Saturday, August 23, 2014

Crisis in Civic Education: Ohio's Lackluster High School Graduation Requirements

Having an informed and active citizenry is at the heart of a functional democracy- after all, this is supposed to be a government of the people, for the people, and the by the people. It was Abraham Lincoln that brought us these words in his Gettysburg Address (1863). In this memorable speech, he noted it was up to the People to ensure the Union would last and that if we fought hard enough a democratic form of government would not perish from this Earth. While the Union was victorious in this epic civic war, one could still argue that we’re still entrenched in a significant battle to preserve democratic governance in the U.S.

In the State of Ohio and around the U.S. there’s a crisis in civic participation, engagement, and trust. The facts and statistics reveal unequivocally that voters are as politically apathetic and discouraged at the quality of our government and its leaders than at any time before. In the May, 2014 primary, less than 17% of all registered Ohio voters went to the polls to vote. Even when voters did turn out to vote, a significant number of candidates ran unopposed. 56% (9/16) of all U.S. House of Representative races in Ohio had Republican candidates that ran unopposed in their districts during the 2014 midterm election (around 31% of Democratic contests). Thus, not only are citizens not going to the polls to vote but the very electoral campaigns meant to ensure the health and vibrancy of American democracy are in significant distress. Citizens’ mistrust of government only grows, as the approval rating for our U.S. Congress has reached historic lows. A recent Rasmussen Poll (August, 2014) indicates only 6% of U.S. citizens think Congress is doing a “Good” or “Excellent Job”.

Issues such as gerrymandering, corrupt election finance, and growing partisanship only inflicts more sickness on a frail U.S. democracy. Our nation and the State of Ohio are at a tipping point. A decision must be made, “Will we work to advance a citizenry willing and ready to strengthen and sustain the health of our democracy? Or, will we continue to the trend of disinvesting in citizenship education and in the curriculum most predicated on fostering informed democratic citizens- the social studies?”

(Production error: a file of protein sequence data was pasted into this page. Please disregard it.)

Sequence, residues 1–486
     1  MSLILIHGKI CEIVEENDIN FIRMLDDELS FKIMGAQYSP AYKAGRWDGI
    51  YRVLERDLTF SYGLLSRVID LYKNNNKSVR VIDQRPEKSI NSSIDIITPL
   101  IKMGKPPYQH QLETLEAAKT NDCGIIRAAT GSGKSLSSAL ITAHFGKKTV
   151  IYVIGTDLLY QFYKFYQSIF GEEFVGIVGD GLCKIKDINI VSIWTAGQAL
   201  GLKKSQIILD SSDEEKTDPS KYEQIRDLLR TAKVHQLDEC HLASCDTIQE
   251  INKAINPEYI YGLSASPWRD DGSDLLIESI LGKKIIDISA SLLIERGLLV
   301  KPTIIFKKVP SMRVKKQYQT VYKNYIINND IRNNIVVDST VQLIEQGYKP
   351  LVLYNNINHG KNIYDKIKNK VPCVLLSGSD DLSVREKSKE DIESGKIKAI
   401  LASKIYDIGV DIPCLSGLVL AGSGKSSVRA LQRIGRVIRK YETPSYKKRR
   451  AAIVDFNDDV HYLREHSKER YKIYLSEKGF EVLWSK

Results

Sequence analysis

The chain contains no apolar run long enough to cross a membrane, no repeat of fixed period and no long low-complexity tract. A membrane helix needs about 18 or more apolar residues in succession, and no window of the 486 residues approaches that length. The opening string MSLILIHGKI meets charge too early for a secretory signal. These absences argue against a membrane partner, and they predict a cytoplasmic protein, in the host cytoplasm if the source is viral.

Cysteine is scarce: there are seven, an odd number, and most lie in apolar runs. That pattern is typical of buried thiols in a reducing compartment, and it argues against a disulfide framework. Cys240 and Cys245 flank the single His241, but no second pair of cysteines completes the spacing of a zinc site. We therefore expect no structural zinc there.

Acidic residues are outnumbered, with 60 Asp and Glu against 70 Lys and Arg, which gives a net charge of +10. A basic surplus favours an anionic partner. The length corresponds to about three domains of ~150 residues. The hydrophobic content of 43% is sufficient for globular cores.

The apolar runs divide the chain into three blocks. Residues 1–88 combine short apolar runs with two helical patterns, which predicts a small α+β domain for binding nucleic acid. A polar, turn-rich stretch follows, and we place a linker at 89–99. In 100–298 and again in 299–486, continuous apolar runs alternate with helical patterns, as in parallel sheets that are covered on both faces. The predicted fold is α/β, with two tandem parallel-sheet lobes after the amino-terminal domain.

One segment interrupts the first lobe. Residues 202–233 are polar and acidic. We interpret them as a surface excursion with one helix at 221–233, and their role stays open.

Ohio lawmakers over the summer opted to continue its trend of disinvesting in civic education and the social studies. Recently, I reported that Ohio lawmakers decided to NOT require World History for high school graduation. Instead, they opted to only require American History and American Government. While I am extremely saddened that today’s high school graduates will not receive instruction on the bulk of the world’s people and institutions, I was somewhat comforted in that at least students would be required to complete American History and American Government coursework. Furthermore, word spread in spring 2014 that all high school students would be required to “pass” two end-of -course exams in social studies: One in American Government and the other in American History. Knowing that we live in an age of what is tested is taught, Ohio’s social studies teachers appreciated our state prioritizing the instruction of history and government.

However, it looks like we spoke too soon. Over the summer we learned that while students would be required to take the American History and American Government end-of-course exams, they could in fact graduate from high school without passing either! The State Board of Education Graduation Requirements Committee has proposed that Ohio’s students must earn a total of 18 quality points across seven end-of-course exams in order to graduate. The seven content areas that will have exams are:
  • English I and II 
  • Algebra I 
  • Geometry 
  • Integrated math I and II 
  • Physical science 
  • American history 
  • American government 
Based upon students’ performance, they will earn 1-5 quality points per exam. The scoring breakdown is:

5 – Advanced
4 – Accelerated
3 – Proficient
2 – Basic
1 – Limited

The issue comes in that while all students are required to earn 18 quality points, students can easily earn this minimum score by FAILING the American History and American Government exams. The State Board of Education does note that students must earn a minimum of:
  • four total points across the English end-of-course exams,
  • four total points across the math exams,
  • and, six total points across the science and social studies exams.
Thus, if a student scored 4s on both English Exams, 3 on the math exam, 3 on the science exam, and TWOs on the American History and American Government they would still earn 18. Students would have accumulated enough exam quality points to graduate. This means student that demonstrate a below proficient understanding of institutions, principles, and histories of American government and history will freely join the ranks of an already disengaged, apathetic, and broken democratic system. The civic mission of schools is being decimated by Ohio high school graduation requirements that fail to prepare the informed and active citizens our nation, state, and communities so desperately need.

Global and Social Studies Education

The website/blog allows educators in the social studies to reflect upon key issues in the social studies. It also allows teachers the opportunity to access resources that help infuse instructional media and technology, and global perspectives in their teaching.